In the Wake of Shake
While smaller US earthquakes made recent news, like the 6.5 magnitude shake in Northern California that was felt up into central Oregon, the 7.0 magnitude earthquake that struck near Port-au-Prince, Haiti yesterday, has brought earthquakes into the foreground of national news and media reports - and thus in the awareness of students.
According to reports, the quake in Haiti, an area where earthquakes are not common, was the strongest in 200 years. The world map of earthquakes in the last 7 days on the USGS site shows four earthquakes in the Haiti area, including a 5.3 magnitude shake this morning. While the extent of the damage has not yet been determined, the immediate and visible effects indicate that the quakes were devastating to the small Caribbean country.
The following Science Buddies Project Ideas can help students and classes talk about both the geology of earthquakes as well as civil engineering and the kinds of considerations that go into designing stronger and more earthquake-resistant structures.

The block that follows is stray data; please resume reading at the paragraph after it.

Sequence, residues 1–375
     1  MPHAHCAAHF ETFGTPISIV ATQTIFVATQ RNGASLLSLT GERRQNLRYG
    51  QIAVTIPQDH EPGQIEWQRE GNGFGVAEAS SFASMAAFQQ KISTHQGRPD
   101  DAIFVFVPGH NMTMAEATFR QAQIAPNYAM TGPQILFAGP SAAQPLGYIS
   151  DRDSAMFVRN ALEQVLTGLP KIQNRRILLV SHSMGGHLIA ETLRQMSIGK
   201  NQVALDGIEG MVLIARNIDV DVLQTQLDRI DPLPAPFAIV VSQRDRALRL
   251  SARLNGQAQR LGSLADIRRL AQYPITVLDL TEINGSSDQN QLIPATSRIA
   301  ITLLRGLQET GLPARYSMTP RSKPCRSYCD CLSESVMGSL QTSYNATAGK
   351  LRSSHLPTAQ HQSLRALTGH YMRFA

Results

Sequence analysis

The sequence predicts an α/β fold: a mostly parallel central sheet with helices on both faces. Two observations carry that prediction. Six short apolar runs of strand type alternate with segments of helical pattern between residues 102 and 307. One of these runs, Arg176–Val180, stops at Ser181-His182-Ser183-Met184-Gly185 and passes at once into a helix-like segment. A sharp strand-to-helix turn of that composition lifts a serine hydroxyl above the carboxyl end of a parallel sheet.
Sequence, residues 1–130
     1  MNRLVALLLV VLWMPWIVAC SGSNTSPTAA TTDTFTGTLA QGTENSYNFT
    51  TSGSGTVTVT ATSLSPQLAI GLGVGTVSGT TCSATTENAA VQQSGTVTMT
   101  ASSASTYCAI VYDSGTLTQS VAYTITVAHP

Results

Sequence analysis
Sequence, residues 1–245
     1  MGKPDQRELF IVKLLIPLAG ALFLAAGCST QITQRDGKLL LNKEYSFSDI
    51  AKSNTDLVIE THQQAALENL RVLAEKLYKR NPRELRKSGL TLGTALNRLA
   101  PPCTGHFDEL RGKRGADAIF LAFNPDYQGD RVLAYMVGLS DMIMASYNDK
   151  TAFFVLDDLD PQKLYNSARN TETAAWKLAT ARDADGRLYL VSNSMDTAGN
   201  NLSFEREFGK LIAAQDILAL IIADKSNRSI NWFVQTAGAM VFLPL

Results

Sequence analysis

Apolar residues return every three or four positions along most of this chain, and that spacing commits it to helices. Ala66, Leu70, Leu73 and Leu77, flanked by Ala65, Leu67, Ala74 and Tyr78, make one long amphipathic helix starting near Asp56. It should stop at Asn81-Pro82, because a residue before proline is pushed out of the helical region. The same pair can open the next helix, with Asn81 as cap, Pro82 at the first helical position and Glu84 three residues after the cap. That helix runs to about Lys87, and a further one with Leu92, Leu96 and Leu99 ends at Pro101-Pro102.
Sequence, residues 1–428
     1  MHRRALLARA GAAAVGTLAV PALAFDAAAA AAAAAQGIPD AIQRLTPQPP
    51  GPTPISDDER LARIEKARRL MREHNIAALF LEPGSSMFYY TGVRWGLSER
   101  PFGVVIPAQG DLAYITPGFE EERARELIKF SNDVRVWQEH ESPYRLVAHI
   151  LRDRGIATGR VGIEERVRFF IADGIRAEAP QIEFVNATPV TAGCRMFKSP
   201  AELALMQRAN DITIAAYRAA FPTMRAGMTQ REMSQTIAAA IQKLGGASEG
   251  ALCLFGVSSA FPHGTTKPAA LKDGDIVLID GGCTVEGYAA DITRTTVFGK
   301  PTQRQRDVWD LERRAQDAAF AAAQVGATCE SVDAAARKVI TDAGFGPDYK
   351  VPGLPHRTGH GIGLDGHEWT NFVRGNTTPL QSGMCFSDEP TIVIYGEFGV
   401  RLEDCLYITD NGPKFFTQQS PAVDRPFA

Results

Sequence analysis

Geology of Earthquakes:
- Locating the Epicenter of an Earthquake (Science Buddies' Difficulty Level: 6-8)
- Ring of Fire 2: What Earthquakes Tell us About Plate Tectonics (Science Buddies' Difficulty Level: 5-6)
- How Fast do Seismic Waves Travel? (Science Buddies' Difficulty Level: 5-8)
- Is There a Whole Lot of Shaking Going On? Make Your Own Seismograph and Find Out. (Science Buddies' Difficulty Level: 6-7)
- Building the Tallest Towers (Science Buddies' Difficulty Level: 1)
- Bridges That Can Take a Shake (Science Buddies' Difficulty Level: 2-3)
- Set Your Table for a Sweet and Sticky Shake (Science Buddies' Difficulty Level: 4)
Note: The "Set Your Table for a Sweet and Sticky Shake" project contains a video clip of Courtney Corda, Science Buddies Vice President and "Science Mom" performing the experiment on an episode of "View from the Bay."